Seriously though, these folks take their zipper construction, well, seriously. Check out this recent article on ‘Zipper Wars‘ if you’re interested in learning more!).
Nayo Rover Technical Specs
My tropical experience in Costa Rica last winter (see my other blog for more details!) had me thinking about a more weather-resistant backpack option for keeping my electronics safe and dry.
The Rover’s exterior shell is made of 600-denier high-density polyester that’s finished with a waterproof polyurethane coating. This pack has a total volume of 33-liters and dimensions of 12.6″ wide, 6.3″ deep, and 19.7″ tall.
Nayo Rover Photos
My Final Verdict On The Nayo Rover
I can really sum it up in about four words: so far, so great! I’ve only been employing the Nayo Rover as my EDC backpack for a month or so now, but the early returns are very promising.
Unlike my last EDC backpack, all of my items now have a place and I feel organized when I arrive at my “office for the day.” I also have the peace of mind of knowing that my pack is waterproof if I happen to get caught in a quick rainstorm walking to or from that office.
This pack actually makes me feel slightly like I should add a few more daily supplies to my arsenal that help to keep me organized and productive.
I have a lot of room left in it right now and plenty of compartments, sleeves, or mesh pockets to keep everything neat and tidy. While I wouldn’t really choose this pack for a day hike or a bike outing, it’s a great companion for the “urban” side of my digitally nomadic lifestyle!
About The Backpack Guide
While I spend a lot of my time guiding others on outdoor adventures (mostly in the Tahoe region), this site is my side-hustle/passion project/hope for independent, self-employed income. It is my dream to lead multi-day outdoor excursions that focus on detoxing from our digital worlds and integrating our minds, bodies, and spirits with nature.
To that end, I started this website to share my past experiences in the outdoors and to offer knowledgeable insights on how to get out more and go farther while staying safe and well-prepared. It also gives me a great excuse to continuously research the latest and greatest products in the outdoor industry and it is my pleasure to bring you my honest reviews of those products.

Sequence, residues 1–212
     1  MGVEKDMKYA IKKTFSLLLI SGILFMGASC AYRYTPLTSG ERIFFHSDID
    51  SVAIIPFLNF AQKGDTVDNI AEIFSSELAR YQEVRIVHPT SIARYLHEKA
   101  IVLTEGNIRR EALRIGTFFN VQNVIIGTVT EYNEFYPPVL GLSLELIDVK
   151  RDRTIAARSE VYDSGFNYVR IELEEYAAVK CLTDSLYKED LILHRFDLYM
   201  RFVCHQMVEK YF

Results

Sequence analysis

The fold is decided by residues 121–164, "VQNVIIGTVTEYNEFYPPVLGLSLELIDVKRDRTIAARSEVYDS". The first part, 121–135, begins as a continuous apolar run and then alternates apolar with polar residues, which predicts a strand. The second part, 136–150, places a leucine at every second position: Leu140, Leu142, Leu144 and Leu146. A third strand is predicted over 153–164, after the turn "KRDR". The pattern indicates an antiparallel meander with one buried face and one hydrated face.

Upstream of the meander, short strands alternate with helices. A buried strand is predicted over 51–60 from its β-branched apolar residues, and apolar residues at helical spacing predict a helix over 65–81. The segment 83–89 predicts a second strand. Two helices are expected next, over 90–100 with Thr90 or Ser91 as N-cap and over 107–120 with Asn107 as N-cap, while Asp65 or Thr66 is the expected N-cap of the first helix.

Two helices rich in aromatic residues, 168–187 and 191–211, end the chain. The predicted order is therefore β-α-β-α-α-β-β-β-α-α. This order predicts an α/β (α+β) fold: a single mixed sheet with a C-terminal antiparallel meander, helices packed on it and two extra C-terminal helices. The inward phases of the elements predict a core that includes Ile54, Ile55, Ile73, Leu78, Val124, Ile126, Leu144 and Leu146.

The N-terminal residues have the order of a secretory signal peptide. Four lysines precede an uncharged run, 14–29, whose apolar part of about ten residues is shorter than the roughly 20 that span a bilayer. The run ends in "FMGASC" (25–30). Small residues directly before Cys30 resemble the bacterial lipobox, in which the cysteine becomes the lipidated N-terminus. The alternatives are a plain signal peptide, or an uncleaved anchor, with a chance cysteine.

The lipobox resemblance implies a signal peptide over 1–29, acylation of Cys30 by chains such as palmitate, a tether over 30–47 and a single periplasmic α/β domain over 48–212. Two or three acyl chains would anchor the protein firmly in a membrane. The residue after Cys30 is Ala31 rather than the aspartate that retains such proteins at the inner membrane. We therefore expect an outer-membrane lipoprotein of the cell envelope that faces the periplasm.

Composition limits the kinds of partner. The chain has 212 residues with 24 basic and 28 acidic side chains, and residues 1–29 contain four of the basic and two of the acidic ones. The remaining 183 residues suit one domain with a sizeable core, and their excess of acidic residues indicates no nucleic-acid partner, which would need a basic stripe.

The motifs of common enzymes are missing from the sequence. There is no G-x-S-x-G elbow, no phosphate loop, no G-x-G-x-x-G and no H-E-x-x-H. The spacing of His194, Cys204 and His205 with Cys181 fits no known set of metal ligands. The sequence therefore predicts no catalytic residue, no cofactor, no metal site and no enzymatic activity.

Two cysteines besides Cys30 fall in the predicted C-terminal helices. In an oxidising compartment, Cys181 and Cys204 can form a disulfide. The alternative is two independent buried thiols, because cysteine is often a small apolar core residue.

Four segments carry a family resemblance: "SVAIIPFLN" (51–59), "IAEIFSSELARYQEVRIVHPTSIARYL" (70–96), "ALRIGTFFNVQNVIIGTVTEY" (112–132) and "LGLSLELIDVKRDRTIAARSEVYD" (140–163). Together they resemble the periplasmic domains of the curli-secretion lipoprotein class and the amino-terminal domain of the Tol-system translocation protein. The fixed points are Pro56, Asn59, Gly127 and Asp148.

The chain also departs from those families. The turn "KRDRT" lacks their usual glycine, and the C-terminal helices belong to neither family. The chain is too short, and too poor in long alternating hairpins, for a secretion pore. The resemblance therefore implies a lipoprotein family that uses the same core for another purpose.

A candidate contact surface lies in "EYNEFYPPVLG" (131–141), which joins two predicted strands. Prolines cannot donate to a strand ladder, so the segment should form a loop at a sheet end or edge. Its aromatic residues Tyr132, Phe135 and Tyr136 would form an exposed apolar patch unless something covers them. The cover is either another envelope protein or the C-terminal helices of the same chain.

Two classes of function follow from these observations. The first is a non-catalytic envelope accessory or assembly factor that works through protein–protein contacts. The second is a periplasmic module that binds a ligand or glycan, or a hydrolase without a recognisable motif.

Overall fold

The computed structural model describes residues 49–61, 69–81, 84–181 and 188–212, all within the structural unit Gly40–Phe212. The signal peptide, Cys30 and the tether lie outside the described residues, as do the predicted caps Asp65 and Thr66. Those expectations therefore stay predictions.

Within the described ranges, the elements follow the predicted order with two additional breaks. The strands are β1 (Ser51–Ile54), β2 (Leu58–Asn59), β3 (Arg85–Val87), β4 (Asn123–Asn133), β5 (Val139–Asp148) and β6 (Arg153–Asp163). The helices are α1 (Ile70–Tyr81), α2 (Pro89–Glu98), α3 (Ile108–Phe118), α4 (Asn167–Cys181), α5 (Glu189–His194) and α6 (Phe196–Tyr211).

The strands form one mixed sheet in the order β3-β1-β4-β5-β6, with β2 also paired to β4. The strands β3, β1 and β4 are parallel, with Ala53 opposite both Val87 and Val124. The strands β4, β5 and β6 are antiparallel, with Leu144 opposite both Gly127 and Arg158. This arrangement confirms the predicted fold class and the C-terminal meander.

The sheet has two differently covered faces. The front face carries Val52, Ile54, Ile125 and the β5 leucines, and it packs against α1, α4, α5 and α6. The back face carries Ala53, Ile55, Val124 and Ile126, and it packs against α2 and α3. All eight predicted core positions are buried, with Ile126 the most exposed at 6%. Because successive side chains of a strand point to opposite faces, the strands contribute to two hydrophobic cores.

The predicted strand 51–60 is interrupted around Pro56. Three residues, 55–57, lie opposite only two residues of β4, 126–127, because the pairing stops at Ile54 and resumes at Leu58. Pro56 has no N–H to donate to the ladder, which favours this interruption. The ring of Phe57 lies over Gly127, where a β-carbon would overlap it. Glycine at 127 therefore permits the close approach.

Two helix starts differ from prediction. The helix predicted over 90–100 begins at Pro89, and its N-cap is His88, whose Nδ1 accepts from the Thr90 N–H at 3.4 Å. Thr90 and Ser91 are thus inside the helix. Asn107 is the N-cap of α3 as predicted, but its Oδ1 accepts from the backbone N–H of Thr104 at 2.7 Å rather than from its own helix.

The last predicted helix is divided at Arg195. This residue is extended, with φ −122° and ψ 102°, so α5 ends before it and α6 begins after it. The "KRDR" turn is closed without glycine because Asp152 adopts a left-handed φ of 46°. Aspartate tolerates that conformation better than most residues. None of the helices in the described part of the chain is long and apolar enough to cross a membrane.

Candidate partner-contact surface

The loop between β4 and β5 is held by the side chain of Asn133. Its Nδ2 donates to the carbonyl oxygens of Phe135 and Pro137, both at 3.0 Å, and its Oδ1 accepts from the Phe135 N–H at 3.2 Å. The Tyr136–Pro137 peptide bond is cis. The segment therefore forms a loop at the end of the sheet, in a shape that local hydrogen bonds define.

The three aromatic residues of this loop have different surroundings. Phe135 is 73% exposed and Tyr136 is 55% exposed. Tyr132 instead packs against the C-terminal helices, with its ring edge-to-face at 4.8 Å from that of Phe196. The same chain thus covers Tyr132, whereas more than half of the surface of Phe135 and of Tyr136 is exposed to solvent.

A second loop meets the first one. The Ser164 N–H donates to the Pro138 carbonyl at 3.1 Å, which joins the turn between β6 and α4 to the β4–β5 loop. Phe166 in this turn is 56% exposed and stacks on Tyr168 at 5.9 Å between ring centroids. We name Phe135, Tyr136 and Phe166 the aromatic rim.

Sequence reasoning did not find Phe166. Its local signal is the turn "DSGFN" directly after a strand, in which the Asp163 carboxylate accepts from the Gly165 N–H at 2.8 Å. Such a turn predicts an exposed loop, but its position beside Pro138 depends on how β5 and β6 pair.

After you’ve checked out this backpack review, please check out the products on my Outdoor Gear page. Also, my Backpack Reviews include brands like Kelty, REI, Osprey, and more. For more on my adventures (as well as general hiking know-how) check out my Tips and Trails. Finally, my YouTube Channel is full of informative video content if you’re not the most avid fan of reading!
FYI: I do receive a commission on purchases made through the affiliate links on this website and I use those earnings to purchase more products and free up more time so that I can keep producing useful content for you!
Let’s Explore, Create, and Connect!
As The Backpack Guide, I’m on a mission to explore the wilderness, create learning opportunities, and connect with nature. These are the objectives that underline all the content I create on this site.
I want to inspire others to recreate in their respective wildernesses and to do so in the safest, most enjoyable manner possible. I’m also very interested in the experiences of others in the wild and I want to create a community of people that share those experiences and the lessons they’ve learned as a result.
If my mission resonates with you, you think we may have an awesome opportunity to collaborate, or you simply want to connect, I’d love to hear from you! Feel free to reach out to me directly (email below), or share your adventure by tagging @thebackpackguide on Instagram, which is where I’m most active. You can also find me on Facebook, Pinterest, Twitter, and LinkedIn.
“One thing is for sure. I’m most certainly learning a lot.”
– Tucker Ballister from ‘Journal from the John Muir Trail‘
The Backpack Guide